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From:Rhino Date:January 30 2006 3:39pm
Subject:Re: Help Understanding Document Syntax
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The 'symbol' you are referring to, in the foreign key clause of the CREATE 
TABLE statement, is simply an opportunity for you to choose a name for the 
foreign key of the table; if you don't choose a name, MySQL will generate a 
default name for you.

Therefore, if you do this:

    CREATE TABLE Foo
    ...
    constraint (bar) foreign key(workdept) references Sample.department on 
delete cascade
    ...


the foreign key you defined on the column workdept has the name 'bar'.


If you defined the table this way:

    CREATE TABLE Foo
    ...
    constraint foreign key(workdept) references Sample.department on delete 
cascade
    ...

the name of the foreign key would be generated by MySQL.

If memory serves, the foreign key name can be used to drop the foreign key 
in an ALTER TABLE statement and perhaps a few other places. The name of the 
foreign key does not help you with what you appear to want to do.

I _think_ you are saying that you want the combination of values in two of 
the columns of your table to be unique so that no two rows of the same table 
can have that same combination of values in those two columns. I know how to 
do this in DB2, my main database, so I looked up the syntax to do the same 
thing in MySQL and came up with this small example:

=============================================================
use tmp;

create table Purcell01
(empno smallint not null,
 fname char(10) not null,
 lname char(10) not null,
 primary key(empno)
 constraint(uk) unique index ukix btree (fname, lname)) Type=INNODB;

insert into Purcell01 values
(1, 'Fred', 'Flintstone'),
(2, 'Barney', 'Rubble'),
(3, 'Fred', 'Slate'),
(4, 'Wilma', 'Flintstone'),
(5, 'Fred', 'Flintstone');

select * from Purcell01;

=============================================================

If I'm reading the manual correctly, this should force the _COMBINATION_ of 
fname and lname to be different in each row of the table. Then, when you do 
the inserts, all but the last one should work. It's perfectly okay for other 
rows to have Flintstone in the lname column and it's perfectly okay for 
other rows to have Fred in the fname column but only one row in the column 
can have the COMBINATION of 'Fred' 'Flintstone' in the lname and fname 
columns. I _think_ that is what you want to do.

Unfortunately, I get a syntax error when I try this in my copy of MySQL, 
which is only 4.0.15. I'm guessing that the UNIQUE clause isn't recognized 
in MySQL 4.0.15 and that the statement will work in 5.1.x but there may be 
some problem with my syntax. I can't find an explicit example of a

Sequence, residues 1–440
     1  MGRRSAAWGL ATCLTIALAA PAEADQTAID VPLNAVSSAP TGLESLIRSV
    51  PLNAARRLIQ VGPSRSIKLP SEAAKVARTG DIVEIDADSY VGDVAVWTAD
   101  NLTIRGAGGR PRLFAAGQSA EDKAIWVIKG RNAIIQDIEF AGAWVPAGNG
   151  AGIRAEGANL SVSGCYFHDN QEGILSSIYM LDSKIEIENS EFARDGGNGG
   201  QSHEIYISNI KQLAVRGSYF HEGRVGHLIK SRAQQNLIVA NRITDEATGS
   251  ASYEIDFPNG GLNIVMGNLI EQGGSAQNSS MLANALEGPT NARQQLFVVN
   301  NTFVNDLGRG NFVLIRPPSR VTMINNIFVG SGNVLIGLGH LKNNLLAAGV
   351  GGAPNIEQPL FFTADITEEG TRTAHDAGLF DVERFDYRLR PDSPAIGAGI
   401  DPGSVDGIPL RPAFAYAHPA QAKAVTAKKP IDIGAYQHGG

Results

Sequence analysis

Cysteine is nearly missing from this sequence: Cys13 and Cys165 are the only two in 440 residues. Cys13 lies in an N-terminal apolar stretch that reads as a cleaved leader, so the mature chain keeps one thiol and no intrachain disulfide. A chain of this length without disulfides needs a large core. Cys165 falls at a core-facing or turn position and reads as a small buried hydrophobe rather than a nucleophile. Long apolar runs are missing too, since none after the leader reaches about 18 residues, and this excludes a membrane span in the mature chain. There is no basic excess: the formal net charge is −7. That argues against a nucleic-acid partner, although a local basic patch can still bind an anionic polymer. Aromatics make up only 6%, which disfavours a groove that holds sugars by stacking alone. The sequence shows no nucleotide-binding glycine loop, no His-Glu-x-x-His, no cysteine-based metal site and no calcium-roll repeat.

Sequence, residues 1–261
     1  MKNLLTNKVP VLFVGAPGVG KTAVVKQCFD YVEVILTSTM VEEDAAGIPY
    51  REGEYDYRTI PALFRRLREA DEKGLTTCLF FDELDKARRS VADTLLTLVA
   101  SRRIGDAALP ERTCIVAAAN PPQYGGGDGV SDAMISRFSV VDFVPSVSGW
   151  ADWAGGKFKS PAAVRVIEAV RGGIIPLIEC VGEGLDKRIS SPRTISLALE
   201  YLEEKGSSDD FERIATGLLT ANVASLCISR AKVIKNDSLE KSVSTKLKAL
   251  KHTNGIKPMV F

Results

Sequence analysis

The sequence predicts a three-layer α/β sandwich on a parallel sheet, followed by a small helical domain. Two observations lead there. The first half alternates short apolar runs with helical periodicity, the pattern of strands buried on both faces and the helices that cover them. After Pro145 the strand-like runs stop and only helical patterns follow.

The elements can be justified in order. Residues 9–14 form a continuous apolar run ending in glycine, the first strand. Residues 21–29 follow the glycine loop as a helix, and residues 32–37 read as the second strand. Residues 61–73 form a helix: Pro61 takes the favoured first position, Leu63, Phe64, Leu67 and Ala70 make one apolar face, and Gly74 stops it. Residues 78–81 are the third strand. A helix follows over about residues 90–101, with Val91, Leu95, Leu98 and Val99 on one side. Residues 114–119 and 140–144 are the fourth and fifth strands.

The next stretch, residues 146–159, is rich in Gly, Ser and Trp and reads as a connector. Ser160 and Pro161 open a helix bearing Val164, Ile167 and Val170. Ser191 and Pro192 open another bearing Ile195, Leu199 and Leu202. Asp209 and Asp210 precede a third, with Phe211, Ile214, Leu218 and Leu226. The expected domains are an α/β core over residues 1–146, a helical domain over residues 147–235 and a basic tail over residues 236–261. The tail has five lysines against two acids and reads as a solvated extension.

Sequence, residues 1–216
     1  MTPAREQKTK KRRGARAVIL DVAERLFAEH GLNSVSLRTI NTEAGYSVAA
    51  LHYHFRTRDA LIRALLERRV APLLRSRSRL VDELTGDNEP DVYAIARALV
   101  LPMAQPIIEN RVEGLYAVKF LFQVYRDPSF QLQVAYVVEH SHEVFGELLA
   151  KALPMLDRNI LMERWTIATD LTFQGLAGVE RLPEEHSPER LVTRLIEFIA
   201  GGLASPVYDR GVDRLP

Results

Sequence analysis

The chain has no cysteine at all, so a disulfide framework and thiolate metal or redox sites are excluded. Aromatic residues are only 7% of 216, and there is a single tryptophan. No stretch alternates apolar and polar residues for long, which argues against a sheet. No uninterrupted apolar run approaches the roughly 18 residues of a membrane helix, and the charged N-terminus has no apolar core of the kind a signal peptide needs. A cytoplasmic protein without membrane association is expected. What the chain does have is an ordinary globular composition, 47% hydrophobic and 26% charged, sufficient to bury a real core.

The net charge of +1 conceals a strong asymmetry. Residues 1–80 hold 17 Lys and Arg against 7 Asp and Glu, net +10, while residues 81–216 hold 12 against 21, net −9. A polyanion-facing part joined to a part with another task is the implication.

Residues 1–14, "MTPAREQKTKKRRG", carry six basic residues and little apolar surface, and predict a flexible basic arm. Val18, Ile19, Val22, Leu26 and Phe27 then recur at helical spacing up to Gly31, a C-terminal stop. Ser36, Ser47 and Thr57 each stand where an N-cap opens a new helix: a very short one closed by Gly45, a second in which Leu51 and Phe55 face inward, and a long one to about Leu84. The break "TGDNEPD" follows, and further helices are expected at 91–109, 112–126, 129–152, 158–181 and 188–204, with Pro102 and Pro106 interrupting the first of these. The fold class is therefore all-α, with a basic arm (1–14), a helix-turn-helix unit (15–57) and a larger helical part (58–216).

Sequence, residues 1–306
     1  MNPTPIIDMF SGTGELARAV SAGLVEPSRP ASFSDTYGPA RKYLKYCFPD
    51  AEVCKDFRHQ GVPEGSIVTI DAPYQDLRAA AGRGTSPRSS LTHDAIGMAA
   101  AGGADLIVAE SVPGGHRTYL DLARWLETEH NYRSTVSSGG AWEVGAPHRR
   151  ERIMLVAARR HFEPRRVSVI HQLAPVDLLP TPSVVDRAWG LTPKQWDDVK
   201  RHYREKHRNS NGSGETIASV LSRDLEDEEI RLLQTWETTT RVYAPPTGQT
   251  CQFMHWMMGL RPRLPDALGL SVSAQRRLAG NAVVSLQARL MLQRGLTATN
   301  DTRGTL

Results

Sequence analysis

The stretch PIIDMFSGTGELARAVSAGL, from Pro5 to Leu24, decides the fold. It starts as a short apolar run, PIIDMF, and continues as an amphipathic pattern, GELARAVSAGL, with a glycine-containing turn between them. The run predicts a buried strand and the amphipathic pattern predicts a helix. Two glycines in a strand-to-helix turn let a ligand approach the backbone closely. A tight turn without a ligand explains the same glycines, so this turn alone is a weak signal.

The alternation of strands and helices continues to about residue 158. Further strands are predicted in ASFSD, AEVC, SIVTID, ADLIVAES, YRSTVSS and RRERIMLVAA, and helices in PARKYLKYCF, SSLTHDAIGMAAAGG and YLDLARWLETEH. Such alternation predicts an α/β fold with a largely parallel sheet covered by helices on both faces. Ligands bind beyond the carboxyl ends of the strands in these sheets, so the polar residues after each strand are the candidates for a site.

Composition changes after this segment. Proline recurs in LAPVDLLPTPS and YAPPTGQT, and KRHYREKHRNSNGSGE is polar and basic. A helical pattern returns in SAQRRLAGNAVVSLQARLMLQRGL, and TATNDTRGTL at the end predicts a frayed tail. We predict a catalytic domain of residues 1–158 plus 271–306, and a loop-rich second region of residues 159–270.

multicolumn unique constraint in the manual so maybe someone else reading 
this thread can identify any errors in the syntax if this doesn't work for 
you.

The other thing you wanted was for a bad row, like the last row in my 
Inserts, to simply be ignored if it violates the unique constraint. In DB2, 
that isn't an option: the insert simply fails due to the violation of the 
uniqueness. However, it _appears_ that MySQL has a different policy. 
Apparently, you can add an "IGNORE" clause to an INSERT or UPDATE statement 
to make it ignore a uniqueness violation. As I read the article on the 
INSERT statement, you would want an INSERT to look like this if you wanted a 
row that violated uniqueness to be ignored:

    INSERT IGNORE INTO PURCELL01 VALUES(5, 'Fred', 'Flintstone');

The UPDATE statement appears to be the same idea;

    UPDATE IGNORE
        set fname = 'Fred', lname = 'Flintstone'
        where empno = 4;

---
Rhino

----- Original Message ----- 
From: "Scott Purcell" <spurcell@stripped>
To: <mysql@stripped>
Sent: Monday, January 30, 2006 9:08 AM
Subject: Help Understanding Document Syntax


Hello,

I have created some tables a while back, and of course, and I am
learning, I have found problems with duplicate entries and other
problems.

So upon a fresh read of the 5.1 docs, I am trying to understand the word
"symbol" after the constraint.

I would like to be able to somehow combine two columns, and make them
unique? Or distinct?. I do not want the same two columns to ever occur
again. If someone tries to insert, just ignore and continue. So I will
use a MyISAM table type. But in order to understand how this is done,
could use an understanding of the "symbol" behind constraint.

create_definition:
    column_definition
  | [CONSTRAINT [symbol]] PRIMARY KEY [index_type] (index_col_name,...)
  | KEY [index_name] [index_type] (index_col_name,...)
  | INDEX [index_name] [index_type] (index_col_name,...)
  | [CONSTRAINT [symbol]] UNIQUE [INDEX]
        [index_name] [index_type] (index_col_name,...)
  | FULLTEXT [INDEX] [index_name] (index_col_name,...)
      [WITH PARSER parser_name]
  | SPATIAL [INDEX] [index_name] (index_col_name,...)
  | [CONSTRAINT [symbol]] FOREIGN KEY
        [index_name] (index_col_name,...) [reference_definition]
  | CHECK (expr)






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Thread
Help Understanding Document SyntaxScott Purcell30 Jan
  • Re: Help Understanding Document SyntaxRhino30 Jan
    • Re: Help Understanding Document SyntaxMichael Stassen31 Jan
  • Re: Help Understanding Document SyntaxRhino31 Jan
    • Re: Help Understanding Document SyntaxSGreen31 Jan
    • Re: Help Understanding Document SyntaxMichael Stassen31 Jan